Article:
A few miles away, the U.S. Air Force dropped plans for a major coal-to-jet fuel plant once touted as the harbinger of a new market for coal. There are no signs it will be revived.

Historical Patterns Predict This Crisis Will Last Through 2025

I see this coming war taking one of two shapes. It will either be a war against Global Warming/Peak Oil/Water Shortage and other threats to our living environment, or it will be a battle against another nation or group of nations (Arab or Chinese being most likely).

The Future of Energy

There is plenty of energy for everyone.

Sure, I know all about peak oil and the dangers of nuclear energy and the high cost to produce solar and wind energy.

But those things are all trivial compared to the untapped energy sources we have all around us.

Australia - Eco-acvitist spotlight: Far-north Qld campaigns for public transport

Public transport usage in Cairns amounts to less than 4% of trips. The government target is for “at least 10%” of trips to be by public transport by 2036. The government is only considering an upgraded bus network to meet this target.

Svargo Freitag told GLW: “We want to see the Cairns region develop into a national model for sustainability, showcasing solutions to peak oil and global warming. Cairns stands to lose its tropical rainforests and the Great Barrier Reef and is subject to rising sea-levels, so we have a huge incentive to do the right thing.”

Falling oil prices and Iraq

Among the OPEC members who will suffer considerably from the fall in prices is of course Iraq, which needs oil revenues more than the others because of its special situation. Having achieved a lot last year in terms of security and stability, Iraq needs more money to sustain its growing security forces, whose number has soared close to 609,000 from 250,000 only two years ago. In addition to sustaining the security forces, Iraq has to continue with reconstruction projects and also modernize the oil industry's infrastructure.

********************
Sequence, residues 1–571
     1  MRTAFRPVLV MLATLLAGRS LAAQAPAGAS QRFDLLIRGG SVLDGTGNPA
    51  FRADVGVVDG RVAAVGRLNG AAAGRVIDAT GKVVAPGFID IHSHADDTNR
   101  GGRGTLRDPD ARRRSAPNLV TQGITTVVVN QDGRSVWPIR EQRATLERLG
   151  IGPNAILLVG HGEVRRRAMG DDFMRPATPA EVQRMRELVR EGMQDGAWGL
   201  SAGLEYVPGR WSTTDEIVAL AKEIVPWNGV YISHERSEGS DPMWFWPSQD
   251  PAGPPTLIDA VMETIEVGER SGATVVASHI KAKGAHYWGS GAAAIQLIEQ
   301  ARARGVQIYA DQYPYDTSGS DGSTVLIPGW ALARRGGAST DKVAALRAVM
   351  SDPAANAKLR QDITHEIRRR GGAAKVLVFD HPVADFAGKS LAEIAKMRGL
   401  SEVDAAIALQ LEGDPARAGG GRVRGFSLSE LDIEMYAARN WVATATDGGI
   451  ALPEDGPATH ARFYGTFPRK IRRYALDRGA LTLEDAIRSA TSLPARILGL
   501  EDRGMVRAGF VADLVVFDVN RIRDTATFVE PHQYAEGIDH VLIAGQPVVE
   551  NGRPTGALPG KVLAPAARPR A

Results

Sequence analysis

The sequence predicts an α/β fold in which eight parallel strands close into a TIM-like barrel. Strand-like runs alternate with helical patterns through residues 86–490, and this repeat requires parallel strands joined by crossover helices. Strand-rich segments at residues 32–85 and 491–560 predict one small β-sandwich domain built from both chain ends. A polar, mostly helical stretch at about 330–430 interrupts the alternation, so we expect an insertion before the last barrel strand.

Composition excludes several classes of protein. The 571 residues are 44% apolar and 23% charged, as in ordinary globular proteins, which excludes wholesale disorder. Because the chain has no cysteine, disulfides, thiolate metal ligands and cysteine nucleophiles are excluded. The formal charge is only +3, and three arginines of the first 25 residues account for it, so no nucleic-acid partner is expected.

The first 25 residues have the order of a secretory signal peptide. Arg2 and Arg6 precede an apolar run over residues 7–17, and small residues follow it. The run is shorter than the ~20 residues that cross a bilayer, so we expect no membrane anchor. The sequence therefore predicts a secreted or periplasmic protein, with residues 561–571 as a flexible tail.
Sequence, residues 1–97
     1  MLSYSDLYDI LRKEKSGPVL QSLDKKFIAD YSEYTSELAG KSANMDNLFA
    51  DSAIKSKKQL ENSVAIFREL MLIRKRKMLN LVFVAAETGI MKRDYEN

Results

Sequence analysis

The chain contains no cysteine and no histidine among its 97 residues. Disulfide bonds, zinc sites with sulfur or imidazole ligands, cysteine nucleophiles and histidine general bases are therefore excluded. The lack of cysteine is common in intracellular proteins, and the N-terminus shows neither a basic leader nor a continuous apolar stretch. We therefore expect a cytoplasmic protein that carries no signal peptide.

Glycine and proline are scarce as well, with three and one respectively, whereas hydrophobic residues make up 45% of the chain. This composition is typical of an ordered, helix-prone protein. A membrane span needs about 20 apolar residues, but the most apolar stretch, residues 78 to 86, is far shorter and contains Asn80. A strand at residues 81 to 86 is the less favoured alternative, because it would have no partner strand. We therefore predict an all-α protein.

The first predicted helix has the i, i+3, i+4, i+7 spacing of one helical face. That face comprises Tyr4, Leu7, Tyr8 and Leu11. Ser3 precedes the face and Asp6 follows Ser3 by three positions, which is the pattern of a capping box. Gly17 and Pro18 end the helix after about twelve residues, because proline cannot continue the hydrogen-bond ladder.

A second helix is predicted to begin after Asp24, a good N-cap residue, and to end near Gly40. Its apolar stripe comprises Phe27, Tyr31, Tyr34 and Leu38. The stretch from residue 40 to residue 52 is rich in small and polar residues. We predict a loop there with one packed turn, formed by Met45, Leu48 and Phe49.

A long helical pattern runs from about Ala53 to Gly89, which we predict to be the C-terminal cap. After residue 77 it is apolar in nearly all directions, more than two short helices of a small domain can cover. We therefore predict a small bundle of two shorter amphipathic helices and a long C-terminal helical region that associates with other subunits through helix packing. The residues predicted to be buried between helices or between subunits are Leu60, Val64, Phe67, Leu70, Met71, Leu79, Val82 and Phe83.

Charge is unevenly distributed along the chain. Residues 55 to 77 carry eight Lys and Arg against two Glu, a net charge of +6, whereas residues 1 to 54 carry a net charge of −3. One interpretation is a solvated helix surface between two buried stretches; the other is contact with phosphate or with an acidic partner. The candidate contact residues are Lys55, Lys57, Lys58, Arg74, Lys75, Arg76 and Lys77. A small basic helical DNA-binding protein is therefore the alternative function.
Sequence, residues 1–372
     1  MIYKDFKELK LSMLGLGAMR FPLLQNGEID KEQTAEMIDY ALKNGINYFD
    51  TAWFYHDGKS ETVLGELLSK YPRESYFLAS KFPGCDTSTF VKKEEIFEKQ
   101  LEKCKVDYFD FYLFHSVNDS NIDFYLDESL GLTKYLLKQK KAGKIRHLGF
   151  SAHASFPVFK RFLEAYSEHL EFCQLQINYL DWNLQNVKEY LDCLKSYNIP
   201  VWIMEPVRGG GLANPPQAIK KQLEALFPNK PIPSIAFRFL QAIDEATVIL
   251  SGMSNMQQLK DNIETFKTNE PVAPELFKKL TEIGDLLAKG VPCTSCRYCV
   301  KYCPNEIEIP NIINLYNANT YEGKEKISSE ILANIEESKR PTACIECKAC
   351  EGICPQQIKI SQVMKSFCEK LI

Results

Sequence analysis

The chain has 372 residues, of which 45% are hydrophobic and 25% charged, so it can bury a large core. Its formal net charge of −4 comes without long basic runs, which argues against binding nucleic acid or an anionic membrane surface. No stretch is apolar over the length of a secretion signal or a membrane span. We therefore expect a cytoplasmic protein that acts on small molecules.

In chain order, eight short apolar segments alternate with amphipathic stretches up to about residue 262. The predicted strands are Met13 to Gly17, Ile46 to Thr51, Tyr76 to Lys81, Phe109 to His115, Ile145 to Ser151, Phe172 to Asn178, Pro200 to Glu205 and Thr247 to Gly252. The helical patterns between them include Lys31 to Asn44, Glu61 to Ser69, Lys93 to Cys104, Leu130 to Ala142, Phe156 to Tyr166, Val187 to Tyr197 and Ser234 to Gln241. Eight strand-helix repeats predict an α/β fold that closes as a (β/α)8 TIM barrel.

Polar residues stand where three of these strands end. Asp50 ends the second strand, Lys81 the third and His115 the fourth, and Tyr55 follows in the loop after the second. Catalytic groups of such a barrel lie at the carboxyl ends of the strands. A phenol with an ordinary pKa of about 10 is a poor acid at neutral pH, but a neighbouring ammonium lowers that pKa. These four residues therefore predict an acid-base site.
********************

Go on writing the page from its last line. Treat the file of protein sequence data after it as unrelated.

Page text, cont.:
Iran refineries' capacity to reach 3.2 million b/d, minister

LONDON, March 8 (IranMania) - Oil Minister Gholam-Hossein Nozari said on Saturday that the capacity of the country’s refineries will reach 3.2 million barrels a day from the current 1.7 million, IRNA reported.

He added that the objective will be materialized by the completion of eight refineries under construction in different parts of the country.

China to import more LNG from Qatar

Fu Chengyu, general manager of China National Offshore Oil Company (CNOOC), said in the opening ceremony for CNOOC's office in Doha that his company has secured LNG supply of 13 million tons a year up to date coming from the locally produced and import from Russia and Kazakhstan.

"But this can't satisfy the market demand. We plan to import 60million tons of LNG each year by the year of 2020. We hope part of this additional volume come from Qatar."

Iran inflation hits 25.9%: reports